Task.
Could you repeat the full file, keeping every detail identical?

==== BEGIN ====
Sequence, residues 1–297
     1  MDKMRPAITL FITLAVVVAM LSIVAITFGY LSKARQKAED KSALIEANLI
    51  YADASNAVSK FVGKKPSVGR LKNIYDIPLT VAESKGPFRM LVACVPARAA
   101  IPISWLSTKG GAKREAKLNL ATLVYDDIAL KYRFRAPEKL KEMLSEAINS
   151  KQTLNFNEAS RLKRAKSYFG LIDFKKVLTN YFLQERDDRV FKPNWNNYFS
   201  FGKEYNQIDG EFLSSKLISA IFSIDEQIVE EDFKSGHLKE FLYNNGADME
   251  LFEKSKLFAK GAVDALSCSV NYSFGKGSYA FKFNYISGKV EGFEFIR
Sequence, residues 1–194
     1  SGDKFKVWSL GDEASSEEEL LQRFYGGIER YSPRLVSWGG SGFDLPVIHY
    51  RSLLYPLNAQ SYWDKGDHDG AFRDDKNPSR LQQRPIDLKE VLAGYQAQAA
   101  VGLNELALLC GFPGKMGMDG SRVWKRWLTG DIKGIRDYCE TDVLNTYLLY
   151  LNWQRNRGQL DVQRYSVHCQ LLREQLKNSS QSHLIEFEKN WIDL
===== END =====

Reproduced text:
Sequence, residues 1–297
     1  MDKMRPAITL FITLAVVVAM LSIVAITFGY LSKARQKAED KSALIEANLI
    51  YADASNAVSK FVGKKPSVGR LKNIYDIPLT VAESKGPFRM LVACVPARAA
   101  IPISWLSTKG GAKREAKLNL ATLVYDDIAL KYRFRAPEKL KEMLSEAINS
   151  KQTLNFNEAS RLKRAKSYFG LIDFKKVLTN YFLQERDDRV FKPNWNNYFS
   201  FGKEYNQIDG EFLSSKLISA IFSIDEQIVE EDFKSGHLKE FLYNNGADME
   251  LFEKSKLFAK GAVDALSCSV NYSFGKGSYA FKFNYISGKV EGFEFIR
Sequence, residues 1–194
     1  SGDKFKVWSL GDEASSEEEL LQRFYGGIER YSPRLVSWGG SGFDLPVIHY
    51  RSLLYPLNAQ SYWDKGDHDG AFRDDKNPSR LQQRPIDLKE VLAGYQAQAA
   101  VGLNELALLC GFPGKMGMDG SRVWKRWLTG DIKGIRDYCE TDVLNTYLLY
   151  LNWQRNRGQL DVQRYSVHCQ LLREQLKNSS QSHLIEFEKN WIDL